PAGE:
The Might to Remain Silent, Part 2.
January 21, 2013
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The Might to Remain Silent, Part 1.

Picture this. I’m on the fourteenth floor of a Century City high-rise, anxiously rocking in place before a bank of elevators, hoping to hell the lift arrives before I lose my temper. Behind me, I hear two familiar voices. One is a producer I’ll call Big Daddy. The other belongs to a former A-List movie director of English extraction whom I’ll refer to as Señor Brit. I know that sounds like a bit of a contradiction. But it fits. Señor Brit still has the accent, but he’s well assimilated to life in Los Angeles, including a spa-bought perma-tan to go with the Santa Monica hacienda he now calls home.

I just want to crawl into the elevator. Take the ride down to the parking garage alone, climb into my Beemer, and wind my way back to the Valley, my suburban cocoon of comfort, not to mention my family, dogs, and about eight fingers of mid-shelf scotch.

“Overall, I think that went well,” says Señor Brit. “Not exactly how we planned it but… So what do you think, Doug?”

This is the part where I pivot, launch into the A-lister, grip him by the suede lapels of his Fred Segal jacket, and drive my legs until his skinny ass strikes the floor-to-ceiling window that separates us from the sunny and seventy air that permeates Southern California winters. His neck snaps rearward, his skull penetrates the glass, and his body follows, cartwheeling one hundred and forty feet before splattering across the pavement.

Oh. But I’m way ahead of myself. Let’s go back a month or so. I recall I was in the conga-line of cars queued up for the grade school pickup at the over-priced institution of learning in which my son and daughter were enrolled. My phone rang. It was my old friend, Big Daddy, the movie producer of a string of semi-hit films, none of which I will name here. He’d gotten his hands on a non-fiction book chronicling the roller coaster career of a rebellious teen girl who went on to become a legendary Olympic skier. His thumbnail description was enough to get me interested in a cursory read. A messenger delivered the tome to my house. I read it cover to cover in practically one sitting and called Big Daddy back.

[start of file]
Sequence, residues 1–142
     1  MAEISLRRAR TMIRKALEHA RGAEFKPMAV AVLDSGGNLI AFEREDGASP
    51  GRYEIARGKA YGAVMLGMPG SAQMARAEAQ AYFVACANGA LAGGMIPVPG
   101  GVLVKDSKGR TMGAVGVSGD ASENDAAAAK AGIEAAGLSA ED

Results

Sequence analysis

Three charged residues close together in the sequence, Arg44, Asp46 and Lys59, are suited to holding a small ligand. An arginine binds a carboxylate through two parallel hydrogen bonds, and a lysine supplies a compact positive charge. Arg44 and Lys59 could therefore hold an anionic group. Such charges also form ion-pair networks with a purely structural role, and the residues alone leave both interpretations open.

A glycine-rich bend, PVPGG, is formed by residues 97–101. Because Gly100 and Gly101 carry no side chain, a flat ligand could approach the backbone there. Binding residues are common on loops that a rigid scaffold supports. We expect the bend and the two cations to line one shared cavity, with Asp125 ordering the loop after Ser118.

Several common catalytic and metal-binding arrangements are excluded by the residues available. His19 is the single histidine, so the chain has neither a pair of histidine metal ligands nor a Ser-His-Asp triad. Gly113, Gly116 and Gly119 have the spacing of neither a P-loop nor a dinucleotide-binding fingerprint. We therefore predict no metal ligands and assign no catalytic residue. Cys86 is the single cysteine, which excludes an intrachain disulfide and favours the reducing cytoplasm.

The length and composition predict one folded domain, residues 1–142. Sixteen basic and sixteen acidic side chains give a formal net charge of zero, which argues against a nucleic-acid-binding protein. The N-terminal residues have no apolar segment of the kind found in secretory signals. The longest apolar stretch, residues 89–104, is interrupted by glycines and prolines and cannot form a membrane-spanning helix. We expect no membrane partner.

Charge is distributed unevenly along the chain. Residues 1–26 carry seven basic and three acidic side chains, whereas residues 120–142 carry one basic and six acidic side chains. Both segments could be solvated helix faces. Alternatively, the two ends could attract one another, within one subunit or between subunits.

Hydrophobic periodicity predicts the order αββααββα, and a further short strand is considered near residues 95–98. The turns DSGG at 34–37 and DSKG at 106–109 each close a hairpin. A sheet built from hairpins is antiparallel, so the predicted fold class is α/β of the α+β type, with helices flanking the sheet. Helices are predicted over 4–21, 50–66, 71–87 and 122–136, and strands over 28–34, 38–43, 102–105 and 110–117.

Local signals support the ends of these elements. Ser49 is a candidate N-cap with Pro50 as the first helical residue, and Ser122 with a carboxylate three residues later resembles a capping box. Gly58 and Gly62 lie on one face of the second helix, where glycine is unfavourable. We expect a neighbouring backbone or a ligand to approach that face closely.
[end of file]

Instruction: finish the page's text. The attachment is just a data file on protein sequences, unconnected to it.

“I’m hooked,” I said. “Not so much the athlete biopic stuff. All of that rabble seems pretty stock. What gasses me is father-daughter story. I haven’t seen anything like that before.”

“I figured that’d get you,” said Big Daddy. “You being the father of a young girl. How old is she now?”

Now, I know Big Daddy pretty darn well. And I’m certain the last thing on his mind when he imagined putting me together with the book hadn’t a lollipop’s lick to do with me being a parent. More than likely his thought process had more to do with which writers he could call without having to trouble himself with a gauntlet of agents and managers. Big Daddy was old school. And he liked to keep things familiar. That said…

“Now, there’s a director I’ve attached,” said Big Daddy. “Maybe you know him.”

Another old school move. Hook the writer first. Only to inform him later there’s a director attached. This meant there’d be an audition of some sort in my future. How did I know this? Because directors want choices. They audition just about everything they can. And not just actors and writers. Give a movie director the choice between Coke and Pepsi and he might ask if there are any other cola flavors he hasn’t yet considered.

This is when Big Daddy told me about Señor Brit. He and the English director hadn’t made any films together, but I could tell they had a relationship that was more than a quarterly lunch at The Grill.

“No,” I said. “Haven’t met him.”

“Well, would you mind having a chat with him about your thoughts on the movie?”

Translation. Would you mind pitching your take on the book to my director pal so he can choose between you and the three other writers I’ve hooked with this tale.

“Sure,” I said cheerfully. “I’d love to meet the guy.”

Days later, Big Daddy and I are in the backyard of Señor Brit’s Santa Monica hacienda, sipping iced teas, trading movie stories, sharing laughs at the expense of the hooligans who run movie studios. Eventually, I pitched Señor Brit on how I expected to adapt the book. What followed was kismet. Writer and director finishing each other’s sentences. Señor Brit and I were not just on the same page, we were married with our vision for the movie. You see, as it turned out, Señor Brit also had a daughter. Thus, our mutual and parental inspiration.